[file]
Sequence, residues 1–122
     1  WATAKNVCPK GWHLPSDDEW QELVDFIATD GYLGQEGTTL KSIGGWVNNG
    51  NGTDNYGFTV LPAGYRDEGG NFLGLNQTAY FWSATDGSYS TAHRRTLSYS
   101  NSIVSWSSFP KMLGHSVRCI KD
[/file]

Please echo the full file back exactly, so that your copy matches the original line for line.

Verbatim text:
Sequence, residues 1–122
     1  WATAKNVCPK GWHLPSDDEW QELVDFIATD GYLGQEGTTL KSIGGWVNNG
    51  NGTDNYGFTV LPAGYRDEGG NFLGLNQTAY FWSATDGSYS TAHRRTLSYS
   101  NSIVSWSSFP KMLGHSVRCI KD